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1 December 2016 Pre-Columbian Freshwater Mussel Assemblages from the Tallahatchie River in the Lower Mississippi River Alluvial Basin, U.S.A.
Evan Peacock, Joseph Mitchell, Cliff Jenkins
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Abstract

The Tallahatchie River, Mississippi, southeastern U.S.A., is a medium-sized waterway originating in the North Central Hills and flowing into the Mississippi Alluvial Plain physiographic province. Although the river's molluscan fauna remains relatively poorly studied, a survey by Haag and Warren (2007) of Lower Lake, an impounded, regulated segment of the Little Tallahatchie River high in the drainage, revealed a freshwater mussel assemblage that was surprisingly diverse and healthy given current stream management practices. Mussel assemblages from three prehistoric sites in Leflore County, Mississippi, further downstream on the main Tallahatchie River, yielded 32,303 valves representing 41 taxa, including 24 new river records, one of which, Quadrula fragosa (Conrad, 1835), represents a new state record and a notable range extension for this species. Comparison with modern data shows that about twice as many species existed in the waterway prior to Historic-era impacts, including five currently listed as threatened or endangered. These results highlight the importance of applied zooarchaeology for establishing conservation baselines.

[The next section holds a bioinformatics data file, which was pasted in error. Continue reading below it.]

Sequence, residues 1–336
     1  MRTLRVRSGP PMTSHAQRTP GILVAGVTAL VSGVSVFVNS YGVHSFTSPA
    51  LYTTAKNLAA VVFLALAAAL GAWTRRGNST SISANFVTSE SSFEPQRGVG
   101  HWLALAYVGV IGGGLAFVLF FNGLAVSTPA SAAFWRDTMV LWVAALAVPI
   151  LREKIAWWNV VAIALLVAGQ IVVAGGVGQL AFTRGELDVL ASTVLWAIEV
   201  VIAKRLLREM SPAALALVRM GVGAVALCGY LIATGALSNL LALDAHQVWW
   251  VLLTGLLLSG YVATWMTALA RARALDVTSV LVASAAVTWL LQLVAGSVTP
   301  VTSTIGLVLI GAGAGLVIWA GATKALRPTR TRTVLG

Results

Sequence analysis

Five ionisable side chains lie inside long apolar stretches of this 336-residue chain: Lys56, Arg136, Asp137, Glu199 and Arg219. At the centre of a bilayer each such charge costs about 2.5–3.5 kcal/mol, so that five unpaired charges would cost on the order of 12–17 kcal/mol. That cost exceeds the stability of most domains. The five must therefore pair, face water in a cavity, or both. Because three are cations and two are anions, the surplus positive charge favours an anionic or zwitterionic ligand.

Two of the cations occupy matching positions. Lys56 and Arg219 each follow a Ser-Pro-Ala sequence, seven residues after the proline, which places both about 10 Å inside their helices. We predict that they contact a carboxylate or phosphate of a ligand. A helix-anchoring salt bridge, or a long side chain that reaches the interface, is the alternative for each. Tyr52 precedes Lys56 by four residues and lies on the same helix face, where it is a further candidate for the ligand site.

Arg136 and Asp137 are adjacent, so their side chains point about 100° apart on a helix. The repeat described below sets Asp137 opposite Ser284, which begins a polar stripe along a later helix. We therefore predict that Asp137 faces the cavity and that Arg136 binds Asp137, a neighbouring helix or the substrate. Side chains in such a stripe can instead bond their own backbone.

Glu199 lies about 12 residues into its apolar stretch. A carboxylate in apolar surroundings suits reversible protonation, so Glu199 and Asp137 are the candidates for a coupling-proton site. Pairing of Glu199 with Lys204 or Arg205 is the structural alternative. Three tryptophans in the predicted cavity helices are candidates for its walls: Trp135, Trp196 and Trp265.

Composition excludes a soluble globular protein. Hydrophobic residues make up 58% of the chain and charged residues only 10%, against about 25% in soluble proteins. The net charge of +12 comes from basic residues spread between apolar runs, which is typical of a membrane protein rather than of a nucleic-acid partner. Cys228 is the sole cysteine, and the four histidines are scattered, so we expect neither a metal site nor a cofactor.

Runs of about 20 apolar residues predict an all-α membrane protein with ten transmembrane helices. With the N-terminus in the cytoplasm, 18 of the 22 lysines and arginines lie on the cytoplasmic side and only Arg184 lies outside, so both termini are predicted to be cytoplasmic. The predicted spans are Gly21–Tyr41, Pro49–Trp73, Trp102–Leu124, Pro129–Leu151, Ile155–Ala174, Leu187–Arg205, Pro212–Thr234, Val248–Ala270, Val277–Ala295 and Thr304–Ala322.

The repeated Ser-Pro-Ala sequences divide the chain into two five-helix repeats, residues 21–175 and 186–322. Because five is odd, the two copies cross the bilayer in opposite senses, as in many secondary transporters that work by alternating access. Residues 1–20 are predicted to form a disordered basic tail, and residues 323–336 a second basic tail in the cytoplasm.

Evan Peacock, Joseph Mitchell, and Cliff Jenkins "Pre-Columbian Freshwater Mussel Assemblages from the Tallahatchie River in the Lower Mississippi River Alluvial Basin, U.S.A.," American Malacological Bulletin 34(2), 121-132, (1 December 2016). https://doi.org/10.4003/006.034.0208
Received: 6 January 2016; Accepted: 1 June 2016; Published: 1 December 2016
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